"There's no question that this presents, for the Court, a very serious question and a very close question. I have considered the three recent cases which have been cited, People versus Marshall, 366 Michigan at page 498; People versus Hanson, 368 Michigan, page 344; and People versus Burkard, 374 Michigan, at page 430. And in addition thereto, I — although I'm familiar with the case of Mahar versus the People, cited today, I again reviewed the quotation Mr. Smith recited to the Court in argument today.
"There is no question, if there is not sufficient evidence to allow the case to go to the jury on second degree murder, and in the event there were a conviction on manslaughter, it's my opinion that there would then be reversible error and this matter would have to come back for re-trial, if there were an appeal.
"So the question is raised, whether or not there is evidence from which a jury could reasonably infer the defendant performed with malice, whether there's evidence to justify the conclusion there was intent to kill; another question, is there evidence which would possibly establish an inference in any reasonable person's mind the killing was done with malice aforethought. These are the questions the Court must decide at this time.
"I have considered all the cases which have been cited. As I say, it's a serious and close question. I am particularly impressed with that portion of People versus Burkard, 374 Michigan at page 435, where the Court there, in January of this year, had this to state:
* * *
"The Court, this Court, is of the opinion that due to the fact that there is testimony that the defendant had stated that she was tired of being pushed or chased around; there is testimony that she picked up the knife; and considering the size and character of the knife; further, considering the testimony of Dr. Naz, concerning the downward and inward angle of the wound; further, considering the testimony of Mrs. Burnia, that the defendant told her that she had picked up the knife and thrust it forward as if to push the defendant away; considering all the prior history of trouble between the parties, that is the defendant and the deceased, this Court is of the opinion that, although it's a close question, although it is a serious question, there is sufficient testimony to allow this to go to the jury.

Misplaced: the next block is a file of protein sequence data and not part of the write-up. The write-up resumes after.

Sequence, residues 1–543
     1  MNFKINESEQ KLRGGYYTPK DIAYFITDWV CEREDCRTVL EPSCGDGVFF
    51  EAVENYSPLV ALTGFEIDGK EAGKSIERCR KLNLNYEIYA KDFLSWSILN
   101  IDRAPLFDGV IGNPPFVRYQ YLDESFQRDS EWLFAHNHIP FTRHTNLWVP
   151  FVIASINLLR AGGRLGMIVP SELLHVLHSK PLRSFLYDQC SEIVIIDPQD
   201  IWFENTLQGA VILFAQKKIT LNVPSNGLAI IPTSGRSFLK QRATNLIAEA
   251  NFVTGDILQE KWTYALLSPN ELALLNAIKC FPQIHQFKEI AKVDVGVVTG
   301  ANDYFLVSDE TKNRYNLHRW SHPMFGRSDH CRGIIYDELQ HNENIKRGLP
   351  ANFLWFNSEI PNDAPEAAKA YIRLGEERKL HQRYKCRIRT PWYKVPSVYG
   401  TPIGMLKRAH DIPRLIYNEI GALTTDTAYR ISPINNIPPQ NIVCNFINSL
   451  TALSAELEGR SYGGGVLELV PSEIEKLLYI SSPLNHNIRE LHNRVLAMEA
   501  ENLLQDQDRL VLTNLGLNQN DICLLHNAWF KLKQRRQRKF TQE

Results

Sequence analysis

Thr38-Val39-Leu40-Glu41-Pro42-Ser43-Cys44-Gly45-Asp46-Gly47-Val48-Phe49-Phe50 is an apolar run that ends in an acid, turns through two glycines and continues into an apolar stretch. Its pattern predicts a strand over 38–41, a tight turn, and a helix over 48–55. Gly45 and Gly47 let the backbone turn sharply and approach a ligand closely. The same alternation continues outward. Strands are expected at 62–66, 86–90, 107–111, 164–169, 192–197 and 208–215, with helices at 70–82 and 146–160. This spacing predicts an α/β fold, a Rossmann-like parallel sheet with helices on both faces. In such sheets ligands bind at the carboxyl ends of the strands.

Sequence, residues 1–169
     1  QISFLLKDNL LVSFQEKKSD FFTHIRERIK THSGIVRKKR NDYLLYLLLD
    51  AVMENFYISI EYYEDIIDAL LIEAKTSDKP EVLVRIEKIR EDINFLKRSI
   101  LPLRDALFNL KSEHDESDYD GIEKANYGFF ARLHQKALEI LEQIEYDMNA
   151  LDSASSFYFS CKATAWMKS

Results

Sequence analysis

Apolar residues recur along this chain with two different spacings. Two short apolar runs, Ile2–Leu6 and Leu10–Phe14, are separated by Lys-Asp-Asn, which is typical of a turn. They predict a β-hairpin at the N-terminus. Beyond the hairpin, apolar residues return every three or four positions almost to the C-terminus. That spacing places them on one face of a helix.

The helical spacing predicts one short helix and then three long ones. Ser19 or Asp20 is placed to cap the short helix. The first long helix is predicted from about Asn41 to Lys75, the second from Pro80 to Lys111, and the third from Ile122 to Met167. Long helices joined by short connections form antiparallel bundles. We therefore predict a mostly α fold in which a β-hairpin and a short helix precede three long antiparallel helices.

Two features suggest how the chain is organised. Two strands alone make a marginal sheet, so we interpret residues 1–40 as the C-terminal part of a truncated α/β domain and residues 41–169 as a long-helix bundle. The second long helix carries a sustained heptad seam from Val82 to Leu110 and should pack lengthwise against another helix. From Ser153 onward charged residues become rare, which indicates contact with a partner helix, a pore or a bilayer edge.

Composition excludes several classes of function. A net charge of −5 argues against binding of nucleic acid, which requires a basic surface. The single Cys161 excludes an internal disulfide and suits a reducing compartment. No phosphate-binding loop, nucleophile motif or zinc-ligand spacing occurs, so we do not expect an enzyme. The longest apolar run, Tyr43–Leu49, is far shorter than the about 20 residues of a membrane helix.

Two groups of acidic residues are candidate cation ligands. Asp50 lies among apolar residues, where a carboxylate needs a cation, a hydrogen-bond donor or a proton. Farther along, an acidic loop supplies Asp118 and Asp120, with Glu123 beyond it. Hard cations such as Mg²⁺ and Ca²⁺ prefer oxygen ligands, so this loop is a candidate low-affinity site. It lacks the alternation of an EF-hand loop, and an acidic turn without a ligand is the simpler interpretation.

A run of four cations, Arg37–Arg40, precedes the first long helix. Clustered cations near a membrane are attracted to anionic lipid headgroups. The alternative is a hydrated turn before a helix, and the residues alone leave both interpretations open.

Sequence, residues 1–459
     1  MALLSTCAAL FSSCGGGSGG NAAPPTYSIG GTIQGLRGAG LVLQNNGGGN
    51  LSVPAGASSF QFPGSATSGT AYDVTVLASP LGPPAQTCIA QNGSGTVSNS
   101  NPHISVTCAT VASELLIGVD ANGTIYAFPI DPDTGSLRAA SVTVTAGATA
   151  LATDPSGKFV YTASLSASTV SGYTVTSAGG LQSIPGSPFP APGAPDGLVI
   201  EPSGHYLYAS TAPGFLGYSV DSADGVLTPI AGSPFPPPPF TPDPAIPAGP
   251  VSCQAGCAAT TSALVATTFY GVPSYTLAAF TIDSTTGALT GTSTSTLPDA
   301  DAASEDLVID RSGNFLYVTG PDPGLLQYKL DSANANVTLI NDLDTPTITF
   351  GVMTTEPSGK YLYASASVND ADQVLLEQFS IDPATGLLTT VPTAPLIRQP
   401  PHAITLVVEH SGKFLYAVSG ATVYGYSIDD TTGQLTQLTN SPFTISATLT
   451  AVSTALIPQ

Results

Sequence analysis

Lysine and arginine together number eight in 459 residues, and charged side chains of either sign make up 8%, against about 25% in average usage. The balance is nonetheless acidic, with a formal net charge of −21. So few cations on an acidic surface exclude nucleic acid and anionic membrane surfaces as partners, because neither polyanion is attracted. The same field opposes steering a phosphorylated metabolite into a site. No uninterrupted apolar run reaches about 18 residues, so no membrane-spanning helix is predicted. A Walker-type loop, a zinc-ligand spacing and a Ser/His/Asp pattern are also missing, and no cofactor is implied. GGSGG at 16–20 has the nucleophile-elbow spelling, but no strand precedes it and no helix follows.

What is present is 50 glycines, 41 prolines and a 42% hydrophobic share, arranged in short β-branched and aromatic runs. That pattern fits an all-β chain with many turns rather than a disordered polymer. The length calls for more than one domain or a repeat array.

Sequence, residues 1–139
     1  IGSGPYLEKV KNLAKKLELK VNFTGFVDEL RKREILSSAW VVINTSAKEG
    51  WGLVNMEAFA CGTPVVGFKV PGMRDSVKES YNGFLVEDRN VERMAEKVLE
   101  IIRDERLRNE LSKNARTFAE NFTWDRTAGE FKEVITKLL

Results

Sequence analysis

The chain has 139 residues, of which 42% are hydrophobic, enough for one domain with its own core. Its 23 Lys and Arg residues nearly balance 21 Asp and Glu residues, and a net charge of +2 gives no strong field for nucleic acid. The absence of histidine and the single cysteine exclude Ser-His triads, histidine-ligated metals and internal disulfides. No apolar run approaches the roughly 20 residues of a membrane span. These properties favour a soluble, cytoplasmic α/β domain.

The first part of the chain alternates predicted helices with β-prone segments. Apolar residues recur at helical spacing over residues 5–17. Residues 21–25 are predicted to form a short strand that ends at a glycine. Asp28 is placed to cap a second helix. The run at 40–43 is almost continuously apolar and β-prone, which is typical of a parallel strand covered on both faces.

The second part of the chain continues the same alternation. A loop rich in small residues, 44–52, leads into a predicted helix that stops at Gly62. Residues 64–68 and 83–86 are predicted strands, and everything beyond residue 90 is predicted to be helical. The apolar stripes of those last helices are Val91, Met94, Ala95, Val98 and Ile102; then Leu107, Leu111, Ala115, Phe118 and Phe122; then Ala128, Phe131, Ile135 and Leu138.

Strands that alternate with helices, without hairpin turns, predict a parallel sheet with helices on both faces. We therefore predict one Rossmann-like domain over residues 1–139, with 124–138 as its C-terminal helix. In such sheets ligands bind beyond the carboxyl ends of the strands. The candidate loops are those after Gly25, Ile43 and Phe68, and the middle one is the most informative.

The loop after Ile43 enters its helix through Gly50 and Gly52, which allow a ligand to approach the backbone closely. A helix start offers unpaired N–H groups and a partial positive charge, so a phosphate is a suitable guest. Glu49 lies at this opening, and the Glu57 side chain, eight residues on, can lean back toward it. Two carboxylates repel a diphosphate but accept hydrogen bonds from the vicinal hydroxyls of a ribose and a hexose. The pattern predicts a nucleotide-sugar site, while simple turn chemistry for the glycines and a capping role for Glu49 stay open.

"Therefore, for that reason, the motion is denied."
After sentence, an appeal was taken to the Court of Appeals. That Court's opinion appears in 19 Mich. App. 48. After treating an issue concerning mention of an offered polygraph test, the appellate panel, speaking through Chief Judge LESINSKI, said this on the malice issue:
"Defendant also contends the trial court erred in denying her motion to quash the charge of second-degree murder (CL 1948, § 750.317 [Stat Ann 1954 Rev § 28.549]), because the evidence did not prove the element of malice. Further, she contends that there was insufficient evidence to support the charge of manslaughter. We disagree with both of these contentions. Upon a review of the record we conclude that sufficient evidence was presented from which a jury could conclude that defendant was guilty beyond a reasonable doubt of either second degree murder or manslaughter. There is sufficient circumstantial evidence to raise an issue of fact regarding the existence of malice. The trial court did not err in charging the jury as to second-degree murder and manslaughter.